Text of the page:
Many researchers have combined the genetic modification model with diet or drug induction to produce a composite model, which makes the phenotype and pathogenesis of the model closer to that of human NAFLD. Composite models can more accurately reflect the progression of the disease development - from simple fatty liver to NASH, and progression to liver fibrosis.
The Most Commonly Used Composite Models: ob/ob mice + methionine-choline deficient (MCD) diet; db/db mice + methionine choline deficient (MCD) diet, Zucker rats + methionine choline deficient (MCD) diet/high fat diet.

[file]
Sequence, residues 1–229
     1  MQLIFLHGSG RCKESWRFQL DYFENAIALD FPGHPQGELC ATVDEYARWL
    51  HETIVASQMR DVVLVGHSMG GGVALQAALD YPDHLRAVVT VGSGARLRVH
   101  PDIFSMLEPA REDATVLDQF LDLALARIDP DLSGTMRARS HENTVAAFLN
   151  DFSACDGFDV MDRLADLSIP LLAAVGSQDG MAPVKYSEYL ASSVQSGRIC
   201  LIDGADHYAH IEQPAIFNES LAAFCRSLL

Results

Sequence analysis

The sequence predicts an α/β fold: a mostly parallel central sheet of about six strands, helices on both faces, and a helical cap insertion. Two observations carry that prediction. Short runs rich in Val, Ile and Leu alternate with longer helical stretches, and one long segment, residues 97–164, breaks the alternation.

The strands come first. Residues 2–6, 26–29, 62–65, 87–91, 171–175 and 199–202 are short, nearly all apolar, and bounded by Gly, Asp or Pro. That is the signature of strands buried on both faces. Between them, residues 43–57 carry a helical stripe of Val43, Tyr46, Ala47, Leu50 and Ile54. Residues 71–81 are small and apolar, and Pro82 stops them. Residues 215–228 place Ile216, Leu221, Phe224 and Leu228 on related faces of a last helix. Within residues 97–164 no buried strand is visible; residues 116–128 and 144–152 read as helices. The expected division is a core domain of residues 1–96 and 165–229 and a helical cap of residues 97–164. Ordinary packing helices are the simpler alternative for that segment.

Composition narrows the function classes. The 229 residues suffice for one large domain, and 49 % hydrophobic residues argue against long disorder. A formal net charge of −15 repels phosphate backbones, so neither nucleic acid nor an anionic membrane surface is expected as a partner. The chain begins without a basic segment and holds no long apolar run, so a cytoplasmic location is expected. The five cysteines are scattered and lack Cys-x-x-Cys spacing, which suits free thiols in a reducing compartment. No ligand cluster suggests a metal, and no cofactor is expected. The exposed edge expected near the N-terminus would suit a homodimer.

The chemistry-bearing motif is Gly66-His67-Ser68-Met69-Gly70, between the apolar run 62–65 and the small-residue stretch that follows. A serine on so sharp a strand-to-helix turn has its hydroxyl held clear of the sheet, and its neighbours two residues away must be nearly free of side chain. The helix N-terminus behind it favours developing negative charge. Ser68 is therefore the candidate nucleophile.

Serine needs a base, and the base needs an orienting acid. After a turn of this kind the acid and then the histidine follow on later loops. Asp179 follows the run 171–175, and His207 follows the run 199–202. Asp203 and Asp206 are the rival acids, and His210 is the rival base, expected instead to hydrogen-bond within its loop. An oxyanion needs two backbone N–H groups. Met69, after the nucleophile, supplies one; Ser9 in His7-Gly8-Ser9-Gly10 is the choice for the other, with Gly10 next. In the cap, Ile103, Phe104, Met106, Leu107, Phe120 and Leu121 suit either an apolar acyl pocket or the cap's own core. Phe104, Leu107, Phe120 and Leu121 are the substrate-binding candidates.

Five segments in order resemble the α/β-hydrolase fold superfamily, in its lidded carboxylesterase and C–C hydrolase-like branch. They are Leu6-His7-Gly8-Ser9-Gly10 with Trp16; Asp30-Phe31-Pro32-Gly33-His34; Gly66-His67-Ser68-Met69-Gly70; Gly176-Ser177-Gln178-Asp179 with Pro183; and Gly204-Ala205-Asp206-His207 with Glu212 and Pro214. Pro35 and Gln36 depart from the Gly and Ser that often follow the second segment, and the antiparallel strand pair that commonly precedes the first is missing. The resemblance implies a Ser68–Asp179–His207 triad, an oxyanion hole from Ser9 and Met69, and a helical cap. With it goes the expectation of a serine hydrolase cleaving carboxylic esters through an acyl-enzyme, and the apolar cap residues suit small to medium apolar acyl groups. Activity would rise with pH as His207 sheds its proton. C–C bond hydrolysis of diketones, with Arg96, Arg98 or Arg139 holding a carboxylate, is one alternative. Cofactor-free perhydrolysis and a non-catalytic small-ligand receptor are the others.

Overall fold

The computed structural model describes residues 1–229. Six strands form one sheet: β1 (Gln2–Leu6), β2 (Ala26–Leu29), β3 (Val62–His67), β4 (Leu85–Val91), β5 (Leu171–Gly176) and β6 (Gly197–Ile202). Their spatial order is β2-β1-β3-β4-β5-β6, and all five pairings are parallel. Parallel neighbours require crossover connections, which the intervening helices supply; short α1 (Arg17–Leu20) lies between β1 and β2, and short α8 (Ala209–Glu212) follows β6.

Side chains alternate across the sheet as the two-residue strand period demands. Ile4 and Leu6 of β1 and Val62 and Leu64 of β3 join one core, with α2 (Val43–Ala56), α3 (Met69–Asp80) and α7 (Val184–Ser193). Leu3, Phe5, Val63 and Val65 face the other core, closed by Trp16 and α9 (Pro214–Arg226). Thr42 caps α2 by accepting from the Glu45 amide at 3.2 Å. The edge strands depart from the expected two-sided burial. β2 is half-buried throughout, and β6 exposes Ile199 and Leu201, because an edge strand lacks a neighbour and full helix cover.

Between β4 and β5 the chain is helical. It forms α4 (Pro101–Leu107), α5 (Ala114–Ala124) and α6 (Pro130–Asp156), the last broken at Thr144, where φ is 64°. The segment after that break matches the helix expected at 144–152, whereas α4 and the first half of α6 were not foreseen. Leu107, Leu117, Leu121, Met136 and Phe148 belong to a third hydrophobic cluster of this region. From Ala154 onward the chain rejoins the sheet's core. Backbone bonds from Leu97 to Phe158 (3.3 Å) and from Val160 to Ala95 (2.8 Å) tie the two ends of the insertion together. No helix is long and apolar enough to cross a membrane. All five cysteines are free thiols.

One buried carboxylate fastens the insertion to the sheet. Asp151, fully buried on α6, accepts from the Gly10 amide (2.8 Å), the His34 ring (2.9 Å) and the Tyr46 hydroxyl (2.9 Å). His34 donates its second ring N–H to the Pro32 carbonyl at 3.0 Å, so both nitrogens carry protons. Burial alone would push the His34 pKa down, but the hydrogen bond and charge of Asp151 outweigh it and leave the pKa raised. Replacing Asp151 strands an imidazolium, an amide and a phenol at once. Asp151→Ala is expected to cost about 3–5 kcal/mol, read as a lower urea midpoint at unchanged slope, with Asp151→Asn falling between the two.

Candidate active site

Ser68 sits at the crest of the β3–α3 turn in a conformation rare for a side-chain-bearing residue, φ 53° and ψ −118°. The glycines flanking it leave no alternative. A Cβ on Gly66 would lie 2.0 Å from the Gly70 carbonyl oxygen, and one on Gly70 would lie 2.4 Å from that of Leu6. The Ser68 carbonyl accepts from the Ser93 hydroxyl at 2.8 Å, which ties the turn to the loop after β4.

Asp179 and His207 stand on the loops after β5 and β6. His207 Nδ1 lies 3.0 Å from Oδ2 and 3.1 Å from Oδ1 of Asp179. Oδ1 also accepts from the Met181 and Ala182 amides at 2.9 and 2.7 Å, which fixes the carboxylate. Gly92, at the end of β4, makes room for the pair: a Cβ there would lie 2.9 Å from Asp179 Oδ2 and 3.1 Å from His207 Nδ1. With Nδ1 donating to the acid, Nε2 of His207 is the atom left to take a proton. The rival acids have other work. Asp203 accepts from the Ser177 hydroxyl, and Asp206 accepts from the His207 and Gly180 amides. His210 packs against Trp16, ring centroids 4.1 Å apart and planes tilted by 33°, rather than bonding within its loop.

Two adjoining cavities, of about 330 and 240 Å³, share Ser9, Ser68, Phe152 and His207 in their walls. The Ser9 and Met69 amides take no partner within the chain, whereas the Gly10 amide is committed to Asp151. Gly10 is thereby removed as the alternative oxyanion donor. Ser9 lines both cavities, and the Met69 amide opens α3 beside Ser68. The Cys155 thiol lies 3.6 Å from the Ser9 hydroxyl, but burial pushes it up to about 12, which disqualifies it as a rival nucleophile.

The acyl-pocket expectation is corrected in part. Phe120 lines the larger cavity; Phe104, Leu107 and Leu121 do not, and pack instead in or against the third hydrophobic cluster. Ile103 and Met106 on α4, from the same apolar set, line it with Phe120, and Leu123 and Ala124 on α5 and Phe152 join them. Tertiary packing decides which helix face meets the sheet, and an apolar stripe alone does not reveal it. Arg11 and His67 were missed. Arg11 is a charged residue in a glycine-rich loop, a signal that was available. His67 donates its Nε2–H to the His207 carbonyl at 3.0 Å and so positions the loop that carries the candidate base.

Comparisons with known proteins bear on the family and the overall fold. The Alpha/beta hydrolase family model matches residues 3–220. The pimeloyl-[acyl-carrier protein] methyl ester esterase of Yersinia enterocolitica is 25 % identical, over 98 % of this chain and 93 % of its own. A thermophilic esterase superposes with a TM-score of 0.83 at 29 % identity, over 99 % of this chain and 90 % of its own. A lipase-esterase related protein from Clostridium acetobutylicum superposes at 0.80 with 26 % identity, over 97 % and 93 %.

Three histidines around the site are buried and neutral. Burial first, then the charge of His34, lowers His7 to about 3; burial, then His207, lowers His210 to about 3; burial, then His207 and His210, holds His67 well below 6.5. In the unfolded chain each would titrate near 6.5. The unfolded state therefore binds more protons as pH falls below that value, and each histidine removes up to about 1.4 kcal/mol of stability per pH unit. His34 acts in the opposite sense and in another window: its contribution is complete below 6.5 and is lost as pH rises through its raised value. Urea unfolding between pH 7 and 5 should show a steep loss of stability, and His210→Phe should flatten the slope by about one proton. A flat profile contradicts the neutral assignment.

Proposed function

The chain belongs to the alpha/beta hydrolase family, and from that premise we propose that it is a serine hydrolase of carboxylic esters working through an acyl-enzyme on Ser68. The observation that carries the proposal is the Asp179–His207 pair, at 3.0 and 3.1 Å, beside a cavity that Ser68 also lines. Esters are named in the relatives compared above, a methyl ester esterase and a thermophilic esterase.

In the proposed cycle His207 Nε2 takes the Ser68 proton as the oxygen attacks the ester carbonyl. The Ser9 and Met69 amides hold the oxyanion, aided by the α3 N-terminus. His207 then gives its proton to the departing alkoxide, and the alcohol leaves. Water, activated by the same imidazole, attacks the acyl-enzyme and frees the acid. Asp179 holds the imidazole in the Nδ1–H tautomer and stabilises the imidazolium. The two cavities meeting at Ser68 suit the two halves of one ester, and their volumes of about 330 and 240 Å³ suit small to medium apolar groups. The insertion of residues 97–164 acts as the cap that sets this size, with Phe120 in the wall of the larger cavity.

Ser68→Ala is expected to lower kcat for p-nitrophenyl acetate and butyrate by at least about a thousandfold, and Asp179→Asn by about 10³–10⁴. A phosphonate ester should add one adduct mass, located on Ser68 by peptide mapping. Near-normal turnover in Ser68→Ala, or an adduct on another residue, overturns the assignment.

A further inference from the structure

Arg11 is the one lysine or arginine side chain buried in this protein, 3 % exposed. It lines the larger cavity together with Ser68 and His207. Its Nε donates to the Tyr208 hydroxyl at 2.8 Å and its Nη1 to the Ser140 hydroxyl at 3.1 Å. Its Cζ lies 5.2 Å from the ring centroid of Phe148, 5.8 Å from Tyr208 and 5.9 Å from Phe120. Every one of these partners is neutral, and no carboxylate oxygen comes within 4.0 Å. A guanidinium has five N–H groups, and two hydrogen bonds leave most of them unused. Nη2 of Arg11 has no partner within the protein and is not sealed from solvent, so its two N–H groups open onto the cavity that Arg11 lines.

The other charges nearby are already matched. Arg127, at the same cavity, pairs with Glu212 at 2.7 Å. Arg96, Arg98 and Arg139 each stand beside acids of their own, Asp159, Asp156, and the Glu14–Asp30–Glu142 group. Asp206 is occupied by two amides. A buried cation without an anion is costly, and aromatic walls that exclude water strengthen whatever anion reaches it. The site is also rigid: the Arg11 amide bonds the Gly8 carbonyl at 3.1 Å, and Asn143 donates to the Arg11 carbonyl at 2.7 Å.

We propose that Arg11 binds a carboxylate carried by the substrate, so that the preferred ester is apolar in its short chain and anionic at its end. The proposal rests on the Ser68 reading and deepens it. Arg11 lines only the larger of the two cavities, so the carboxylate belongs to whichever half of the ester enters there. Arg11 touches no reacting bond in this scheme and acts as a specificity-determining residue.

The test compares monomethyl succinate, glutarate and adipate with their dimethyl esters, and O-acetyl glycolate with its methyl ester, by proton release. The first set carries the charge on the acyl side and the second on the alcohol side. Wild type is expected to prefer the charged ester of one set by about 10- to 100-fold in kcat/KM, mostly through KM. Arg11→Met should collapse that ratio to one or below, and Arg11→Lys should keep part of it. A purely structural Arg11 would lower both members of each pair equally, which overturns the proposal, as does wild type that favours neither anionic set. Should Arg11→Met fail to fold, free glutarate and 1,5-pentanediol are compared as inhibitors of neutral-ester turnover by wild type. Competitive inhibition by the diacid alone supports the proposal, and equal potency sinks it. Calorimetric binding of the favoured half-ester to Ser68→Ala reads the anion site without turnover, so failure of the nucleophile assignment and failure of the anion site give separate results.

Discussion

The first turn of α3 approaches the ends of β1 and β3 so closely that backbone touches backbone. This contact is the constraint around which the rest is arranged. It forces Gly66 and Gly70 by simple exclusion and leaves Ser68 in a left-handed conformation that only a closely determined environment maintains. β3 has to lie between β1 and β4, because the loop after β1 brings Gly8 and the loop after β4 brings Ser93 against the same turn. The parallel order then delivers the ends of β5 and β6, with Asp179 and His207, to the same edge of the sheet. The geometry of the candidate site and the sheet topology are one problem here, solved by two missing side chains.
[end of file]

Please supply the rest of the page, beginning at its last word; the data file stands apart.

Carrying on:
The 'db/db mouse + MCD diet' model is more severe than the 'ob/ob mouse + MCD diet' model in both inflammation and fibrosis around the cells, and also demonstrates a significantly shortened induction period - which has led to predominate use of the 'db/db mouse + MCD diet' model.
Detection Items: body weight, food intake, serum biochemical test (alanine aminotransferase, aspartate aminotransferase, serum total cholesterol, triglyceride content, etc.), pathological analysis of liver tissue (liver tissue H & E staining, oil red).